Minorities Studies and Tibet Research in the People’s Republic of China: A Seminar on Minzuxue

News item posted on: March 23rd, 2010

Liu Zhiyang
Zhongshan University

Tashi Rabgey
University of Virginia

On January 28, Visiting Professor Liu Zhiyang led a seminar on minorities studies and Tibet research in the PRC. The seminar provided UVa students and faculty a opportunity to learn about a research and scholarly field that has undergone a significant transition over the past generation.

A professor at Zhongshan University in Guangzhou, Liu Zhiyang himself specializes in Tibetan studies and has conducted extensive field research, both in Lhasa and in the Tibetan-Yi corridor of Pingwu county and elsewhere on the Sino-Tibetan frontier. He has been resident at the University of Virginia through the Tibet Center over the past academic year.

In his seminar, Professor Liu discussed the meaning and direction of minzu xue in China. He also spoke on the direction that China’s Tibetan studies (zang xue) are heading. In particular, he discussed the complexity of the term minzu. The concept has denoted different meanings at different times. Its translation into English has, correspondingly, led to some confusion. Today, according to Professor Liu, it is a politicized concept.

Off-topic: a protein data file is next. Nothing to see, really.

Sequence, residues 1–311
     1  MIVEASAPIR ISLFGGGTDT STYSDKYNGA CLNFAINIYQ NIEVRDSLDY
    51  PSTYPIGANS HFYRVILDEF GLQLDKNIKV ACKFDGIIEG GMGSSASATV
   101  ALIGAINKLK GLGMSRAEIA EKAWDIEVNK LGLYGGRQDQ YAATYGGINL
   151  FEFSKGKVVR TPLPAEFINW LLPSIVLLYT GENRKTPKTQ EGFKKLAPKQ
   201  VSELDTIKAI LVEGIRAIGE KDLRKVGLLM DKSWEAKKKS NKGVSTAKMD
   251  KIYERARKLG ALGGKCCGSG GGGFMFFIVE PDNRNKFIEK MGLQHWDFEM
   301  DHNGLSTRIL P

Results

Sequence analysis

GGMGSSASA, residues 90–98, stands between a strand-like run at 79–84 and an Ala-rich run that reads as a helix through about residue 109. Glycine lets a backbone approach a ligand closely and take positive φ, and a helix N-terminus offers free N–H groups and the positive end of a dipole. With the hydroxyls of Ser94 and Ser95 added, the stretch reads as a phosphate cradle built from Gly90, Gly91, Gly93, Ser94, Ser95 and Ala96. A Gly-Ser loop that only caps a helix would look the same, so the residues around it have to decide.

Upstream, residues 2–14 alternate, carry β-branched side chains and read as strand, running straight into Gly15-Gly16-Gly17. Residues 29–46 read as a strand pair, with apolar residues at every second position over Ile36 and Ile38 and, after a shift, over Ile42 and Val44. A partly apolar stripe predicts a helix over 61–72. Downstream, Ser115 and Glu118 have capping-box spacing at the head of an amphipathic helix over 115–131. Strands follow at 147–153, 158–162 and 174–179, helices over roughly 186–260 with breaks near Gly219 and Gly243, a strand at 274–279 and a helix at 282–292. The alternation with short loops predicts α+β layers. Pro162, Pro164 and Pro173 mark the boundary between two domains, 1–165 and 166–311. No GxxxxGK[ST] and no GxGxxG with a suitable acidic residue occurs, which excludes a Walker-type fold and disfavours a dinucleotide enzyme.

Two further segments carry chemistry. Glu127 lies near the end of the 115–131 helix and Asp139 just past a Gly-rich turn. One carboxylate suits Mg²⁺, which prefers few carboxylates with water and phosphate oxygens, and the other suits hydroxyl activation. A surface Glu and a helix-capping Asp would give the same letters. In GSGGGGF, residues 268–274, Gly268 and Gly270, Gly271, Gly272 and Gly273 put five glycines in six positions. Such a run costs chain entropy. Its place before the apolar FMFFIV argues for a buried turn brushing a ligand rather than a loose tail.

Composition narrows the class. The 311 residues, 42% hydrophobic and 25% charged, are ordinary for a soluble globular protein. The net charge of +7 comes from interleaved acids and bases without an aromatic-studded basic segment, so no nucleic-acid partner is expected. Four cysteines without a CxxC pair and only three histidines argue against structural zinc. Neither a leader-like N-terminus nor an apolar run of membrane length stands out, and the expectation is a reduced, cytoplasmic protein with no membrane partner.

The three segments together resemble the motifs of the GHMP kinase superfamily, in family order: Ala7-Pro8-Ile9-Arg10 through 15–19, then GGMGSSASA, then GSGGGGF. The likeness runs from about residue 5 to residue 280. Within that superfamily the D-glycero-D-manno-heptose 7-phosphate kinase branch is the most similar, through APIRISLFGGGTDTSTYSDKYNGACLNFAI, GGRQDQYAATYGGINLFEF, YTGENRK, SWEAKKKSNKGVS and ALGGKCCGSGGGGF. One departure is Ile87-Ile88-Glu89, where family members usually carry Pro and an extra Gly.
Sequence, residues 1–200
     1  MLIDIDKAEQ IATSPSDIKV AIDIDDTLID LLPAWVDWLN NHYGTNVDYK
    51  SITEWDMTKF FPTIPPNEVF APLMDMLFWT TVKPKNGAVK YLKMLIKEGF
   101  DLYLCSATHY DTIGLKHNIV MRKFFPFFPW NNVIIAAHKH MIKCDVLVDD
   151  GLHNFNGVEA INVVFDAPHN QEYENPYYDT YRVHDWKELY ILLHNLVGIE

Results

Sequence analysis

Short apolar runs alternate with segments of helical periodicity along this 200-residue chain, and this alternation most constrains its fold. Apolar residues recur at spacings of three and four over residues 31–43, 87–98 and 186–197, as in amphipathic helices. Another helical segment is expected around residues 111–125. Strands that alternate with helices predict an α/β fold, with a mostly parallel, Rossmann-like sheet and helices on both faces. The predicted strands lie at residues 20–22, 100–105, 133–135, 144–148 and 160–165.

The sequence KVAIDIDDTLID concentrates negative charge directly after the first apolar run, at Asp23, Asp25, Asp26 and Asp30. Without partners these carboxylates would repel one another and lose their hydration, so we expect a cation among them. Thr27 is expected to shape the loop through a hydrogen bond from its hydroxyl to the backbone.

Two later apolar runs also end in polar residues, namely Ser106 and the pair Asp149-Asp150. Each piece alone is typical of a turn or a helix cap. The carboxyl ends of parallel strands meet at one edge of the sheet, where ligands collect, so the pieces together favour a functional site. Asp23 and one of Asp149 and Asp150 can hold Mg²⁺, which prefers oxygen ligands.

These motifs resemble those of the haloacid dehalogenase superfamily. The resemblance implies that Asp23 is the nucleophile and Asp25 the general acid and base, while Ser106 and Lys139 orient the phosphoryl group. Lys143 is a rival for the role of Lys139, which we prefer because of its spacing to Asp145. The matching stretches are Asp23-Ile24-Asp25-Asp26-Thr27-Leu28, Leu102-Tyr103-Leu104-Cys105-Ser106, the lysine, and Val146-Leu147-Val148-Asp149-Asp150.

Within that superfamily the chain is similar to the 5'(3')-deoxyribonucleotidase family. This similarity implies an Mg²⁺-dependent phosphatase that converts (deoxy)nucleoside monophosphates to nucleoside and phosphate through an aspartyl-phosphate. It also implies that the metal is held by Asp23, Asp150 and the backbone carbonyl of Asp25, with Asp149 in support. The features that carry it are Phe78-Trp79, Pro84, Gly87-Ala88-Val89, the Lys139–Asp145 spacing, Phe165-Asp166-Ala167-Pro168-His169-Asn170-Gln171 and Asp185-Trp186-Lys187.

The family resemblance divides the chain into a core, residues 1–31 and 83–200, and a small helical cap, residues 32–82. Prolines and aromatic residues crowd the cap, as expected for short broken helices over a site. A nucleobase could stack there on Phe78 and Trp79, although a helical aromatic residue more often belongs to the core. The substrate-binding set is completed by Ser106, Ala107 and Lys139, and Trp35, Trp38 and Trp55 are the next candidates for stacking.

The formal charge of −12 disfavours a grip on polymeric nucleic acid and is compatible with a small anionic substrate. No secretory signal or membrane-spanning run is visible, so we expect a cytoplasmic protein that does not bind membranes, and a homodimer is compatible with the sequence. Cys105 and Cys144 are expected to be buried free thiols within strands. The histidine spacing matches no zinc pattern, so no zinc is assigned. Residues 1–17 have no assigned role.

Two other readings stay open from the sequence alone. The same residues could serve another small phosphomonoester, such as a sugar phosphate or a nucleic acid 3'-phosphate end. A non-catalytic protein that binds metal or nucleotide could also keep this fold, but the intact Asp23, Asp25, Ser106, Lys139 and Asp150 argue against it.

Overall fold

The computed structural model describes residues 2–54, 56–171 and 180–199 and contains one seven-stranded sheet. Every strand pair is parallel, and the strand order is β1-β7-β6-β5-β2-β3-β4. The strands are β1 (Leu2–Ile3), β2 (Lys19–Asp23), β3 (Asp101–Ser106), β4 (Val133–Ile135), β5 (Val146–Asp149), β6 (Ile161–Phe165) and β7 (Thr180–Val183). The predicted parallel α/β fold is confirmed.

Liu Zhiyang contrasted the development of minorities studies with the discipline of anthropology (renleixue). Considered politically suspect, anthropology was eliminated as a field of study in China in favor of minorities studies. Today, the two fields have converged, with the one clear distinction that Chinese anthropology also includes within its purview the study of cultural difference among the “Han” nationality, while minorities studies does not.

Professor Liu recently returned to Guangzhou where he will continue teaching anthropology, minorities studies and Tibetan studies.